Security researchers have recently uncovered a new variant of the notorious Phobos ransomware family named FAUST.
Phobos, which first emerged in 2019, encrypts files on victims’ computers and demands a ransom in cryptocurrency for the decryption key.
According to an advisory published by FortiGuard Labs last Thursday, the FAUST variant was found in an Office document utilizing a VBA script to propagate the ransomware.
As part of the campaign, the attackers employed the Gitea service to store malicious files encoded in Base64. When injected into a system’s memory, these files initiate a file encryption attack.
The FortiGuard Labs analysis revealed a multi-stage attack flow, from VBA script execution to the deployment of the FAUST payload.
“Macros remain a dangerous part of malware delivery because VBA provides functionality that many companies use for day-to-day applications,” explained John Bambenek, president at Bambenek Consulting.
“The safest way to deal with this threat is to disable VBA in Office entirely. However, if that’s not an option, organizations can at least disable ‘high-risk’ functionality in VBAs using Windows Defense Attack Surface Reduction, such as preventing office applications from creating child processes or from creating executable content.”
From a technical standpoint, FAUST ransomware exhibits persistence mechanisms, adding a registry entry and copying itself to specific startup folders.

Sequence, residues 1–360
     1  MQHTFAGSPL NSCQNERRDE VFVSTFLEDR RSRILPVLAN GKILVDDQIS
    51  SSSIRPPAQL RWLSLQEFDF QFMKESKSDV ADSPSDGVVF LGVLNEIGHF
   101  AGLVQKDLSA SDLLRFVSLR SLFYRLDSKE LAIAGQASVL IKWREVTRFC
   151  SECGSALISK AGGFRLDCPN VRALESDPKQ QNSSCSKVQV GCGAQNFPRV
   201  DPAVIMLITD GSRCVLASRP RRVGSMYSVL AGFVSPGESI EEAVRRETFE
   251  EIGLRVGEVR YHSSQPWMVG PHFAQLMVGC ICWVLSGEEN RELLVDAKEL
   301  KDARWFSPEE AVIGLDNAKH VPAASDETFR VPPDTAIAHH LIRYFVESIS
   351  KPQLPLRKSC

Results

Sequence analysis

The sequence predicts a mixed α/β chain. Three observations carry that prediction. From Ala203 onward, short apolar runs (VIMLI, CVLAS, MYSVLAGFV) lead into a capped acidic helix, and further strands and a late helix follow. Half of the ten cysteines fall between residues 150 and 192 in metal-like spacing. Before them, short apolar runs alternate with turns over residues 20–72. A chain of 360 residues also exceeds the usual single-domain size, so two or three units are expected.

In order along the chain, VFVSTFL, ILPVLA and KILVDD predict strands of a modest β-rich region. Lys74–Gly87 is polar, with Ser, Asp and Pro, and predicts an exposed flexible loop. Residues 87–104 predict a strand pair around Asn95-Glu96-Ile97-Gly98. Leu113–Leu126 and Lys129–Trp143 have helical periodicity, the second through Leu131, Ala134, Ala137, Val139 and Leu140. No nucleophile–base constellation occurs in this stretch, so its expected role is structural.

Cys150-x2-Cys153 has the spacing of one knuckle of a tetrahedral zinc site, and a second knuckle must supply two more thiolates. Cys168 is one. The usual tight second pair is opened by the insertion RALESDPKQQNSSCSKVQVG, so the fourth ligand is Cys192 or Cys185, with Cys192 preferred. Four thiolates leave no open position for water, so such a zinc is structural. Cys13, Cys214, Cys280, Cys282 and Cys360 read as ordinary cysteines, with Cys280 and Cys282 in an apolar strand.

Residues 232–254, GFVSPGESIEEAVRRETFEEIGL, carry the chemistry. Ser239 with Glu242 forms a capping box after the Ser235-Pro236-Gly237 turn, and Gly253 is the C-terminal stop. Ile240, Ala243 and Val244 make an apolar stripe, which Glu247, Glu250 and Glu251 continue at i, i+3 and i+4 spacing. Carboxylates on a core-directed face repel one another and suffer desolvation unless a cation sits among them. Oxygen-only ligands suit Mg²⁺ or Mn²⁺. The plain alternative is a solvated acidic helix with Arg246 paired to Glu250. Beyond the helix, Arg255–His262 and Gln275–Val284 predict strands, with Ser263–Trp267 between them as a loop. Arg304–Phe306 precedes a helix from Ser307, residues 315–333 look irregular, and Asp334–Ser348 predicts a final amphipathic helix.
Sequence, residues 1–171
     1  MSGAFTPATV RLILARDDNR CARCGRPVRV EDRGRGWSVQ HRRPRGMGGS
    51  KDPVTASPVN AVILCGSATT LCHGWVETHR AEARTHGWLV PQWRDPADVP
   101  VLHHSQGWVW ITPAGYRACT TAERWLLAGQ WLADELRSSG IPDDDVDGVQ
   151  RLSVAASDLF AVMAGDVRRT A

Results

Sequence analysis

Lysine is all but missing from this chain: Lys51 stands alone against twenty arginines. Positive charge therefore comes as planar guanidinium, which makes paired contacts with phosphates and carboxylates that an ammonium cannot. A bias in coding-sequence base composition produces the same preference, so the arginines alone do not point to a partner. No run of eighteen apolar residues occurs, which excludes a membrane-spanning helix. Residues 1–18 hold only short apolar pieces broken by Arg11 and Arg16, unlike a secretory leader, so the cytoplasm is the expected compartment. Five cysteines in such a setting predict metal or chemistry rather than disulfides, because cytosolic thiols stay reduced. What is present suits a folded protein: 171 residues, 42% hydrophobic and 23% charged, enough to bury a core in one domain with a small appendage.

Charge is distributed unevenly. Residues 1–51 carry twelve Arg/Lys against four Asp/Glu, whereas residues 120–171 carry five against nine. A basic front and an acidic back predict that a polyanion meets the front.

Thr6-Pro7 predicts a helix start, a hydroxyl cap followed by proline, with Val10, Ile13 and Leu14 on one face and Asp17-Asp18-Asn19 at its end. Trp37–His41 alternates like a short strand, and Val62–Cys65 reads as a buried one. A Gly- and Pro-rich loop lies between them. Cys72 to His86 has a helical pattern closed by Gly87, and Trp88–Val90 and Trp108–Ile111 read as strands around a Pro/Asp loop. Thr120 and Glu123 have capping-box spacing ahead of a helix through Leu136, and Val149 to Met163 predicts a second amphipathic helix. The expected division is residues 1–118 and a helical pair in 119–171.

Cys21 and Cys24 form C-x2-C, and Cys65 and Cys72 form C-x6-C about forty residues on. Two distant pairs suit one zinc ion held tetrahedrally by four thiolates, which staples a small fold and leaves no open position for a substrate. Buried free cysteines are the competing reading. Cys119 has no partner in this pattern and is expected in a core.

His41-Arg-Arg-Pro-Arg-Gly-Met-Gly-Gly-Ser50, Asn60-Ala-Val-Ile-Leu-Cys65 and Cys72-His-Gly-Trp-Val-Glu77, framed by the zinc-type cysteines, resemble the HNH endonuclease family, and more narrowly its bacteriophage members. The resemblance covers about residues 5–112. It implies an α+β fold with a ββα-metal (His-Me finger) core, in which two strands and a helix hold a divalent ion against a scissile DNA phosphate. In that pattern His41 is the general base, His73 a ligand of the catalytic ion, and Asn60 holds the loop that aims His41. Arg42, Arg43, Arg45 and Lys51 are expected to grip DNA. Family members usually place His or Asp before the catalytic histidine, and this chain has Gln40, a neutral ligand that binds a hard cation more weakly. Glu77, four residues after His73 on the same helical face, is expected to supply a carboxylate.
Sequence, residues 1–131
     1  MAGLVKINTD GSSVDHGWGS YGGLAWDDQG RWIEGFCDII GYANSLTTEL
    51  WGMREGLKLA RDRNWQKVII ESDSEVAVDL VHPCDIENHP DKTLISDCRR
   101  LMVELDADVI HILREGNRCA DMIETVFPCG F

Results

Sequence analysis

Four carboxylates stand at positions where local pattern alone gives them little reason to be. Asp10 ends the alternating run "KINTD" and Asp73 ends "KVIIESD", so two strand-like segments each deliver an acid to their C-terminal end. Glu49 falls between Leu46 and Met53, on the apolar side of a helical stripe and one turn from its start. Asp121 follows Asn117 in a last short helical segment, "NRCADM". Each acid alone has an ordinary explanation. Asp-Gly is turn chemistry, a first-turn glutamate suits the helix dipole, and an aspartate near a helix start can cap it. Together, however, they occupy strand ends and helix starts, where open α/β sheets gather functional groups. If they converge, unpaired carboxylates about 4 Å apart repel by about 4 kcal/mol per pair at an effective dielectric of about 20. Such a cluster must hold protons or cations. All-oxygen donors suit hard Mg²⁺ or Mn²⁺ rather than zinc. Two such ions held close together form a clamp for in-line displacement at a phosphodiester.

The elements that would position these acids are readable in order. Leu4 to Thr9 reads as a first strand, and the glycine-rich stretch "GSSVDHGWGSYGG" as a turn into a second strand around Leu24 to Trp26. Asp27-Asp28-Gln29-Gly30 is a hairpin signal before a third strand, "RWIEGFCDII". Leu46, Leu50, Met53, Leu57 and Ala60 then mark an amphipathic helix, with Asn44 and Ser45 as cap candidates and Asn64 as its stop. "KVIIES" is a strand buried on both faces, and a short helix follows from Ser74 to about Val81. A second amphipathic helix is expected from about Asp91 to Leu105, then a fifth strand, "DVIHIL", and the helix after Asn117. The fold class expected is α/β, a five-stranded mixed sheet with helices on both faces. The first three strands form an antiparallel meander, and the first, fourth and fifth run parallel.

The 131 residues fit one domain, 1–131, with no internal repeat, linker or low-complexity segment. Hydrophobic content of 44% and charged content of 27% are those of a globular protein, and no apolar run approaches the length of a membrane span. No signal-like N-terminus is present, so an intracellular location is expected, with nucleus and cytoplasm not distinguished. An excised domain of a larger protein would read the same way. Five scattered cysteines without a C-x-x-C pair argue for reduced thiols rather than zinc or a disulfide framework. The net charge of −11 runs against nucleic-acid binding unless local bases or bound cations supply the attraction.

It checks for a Mutex object to ensure only one process is running, and it contains an exclusion list to avoid double-encrypting specific files or encrypting its ransom information. The encrypted files carry the “.faust” extension, and victims are instructed to contact the attackers via email or TOX message for ransom negotiations.
The research underscores the threat of fileless attacks and the need for user caution when opening document files from untrusted sources.
“While user awareness and caution are crucial aspects of cybersecurity, a layered approach to defense is necessary. Individuals should be cautious with attachments and links. Only opening attachments or clicking on links from trusted sources and be wary of unexpected emails,” warned Sarah Jones, cyber threat intelligence research analyst at Critical Start.
“Additionally, regularly updating your operating system, applications, and firmware to patch vulnerabilities attackers can exploit is critical. Furthermore, individuals need to ensure their passwords are strong and unique and enable two-factor authentication whenever possible to add an extra layer of security.”